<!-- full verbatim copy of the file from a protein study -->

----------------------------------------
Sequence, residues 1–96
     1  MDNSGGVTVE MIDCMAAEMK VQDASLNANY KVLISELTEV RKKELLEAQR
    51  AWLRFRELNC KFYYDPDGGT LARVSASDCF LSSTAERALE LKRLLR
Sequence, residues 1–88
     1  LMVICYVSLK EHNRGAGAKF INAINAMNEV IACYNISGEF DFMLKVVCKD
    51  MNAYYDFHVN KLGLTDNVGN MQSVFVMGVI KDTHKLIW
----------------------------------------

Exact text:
Sequence, residues 1–96
     1  MDNSGGVTVE MIDCMAAEMK VQDASLNANY KVLISELTEV RKKELLEAQR
    51  AWLRFRELNC KFYYDPDGGT LARVSASDCF LSSTAERALE LKRLLR
Sequence, residues 1–88
     1  LMVICYVSLK EHNRGAGAKF INAINAMNEV IACYNISGEF DFMLKVVCKD
    51  MNAYYDFHVN KLGLTDNVGN MQSVFVMGVI KDTHKLIW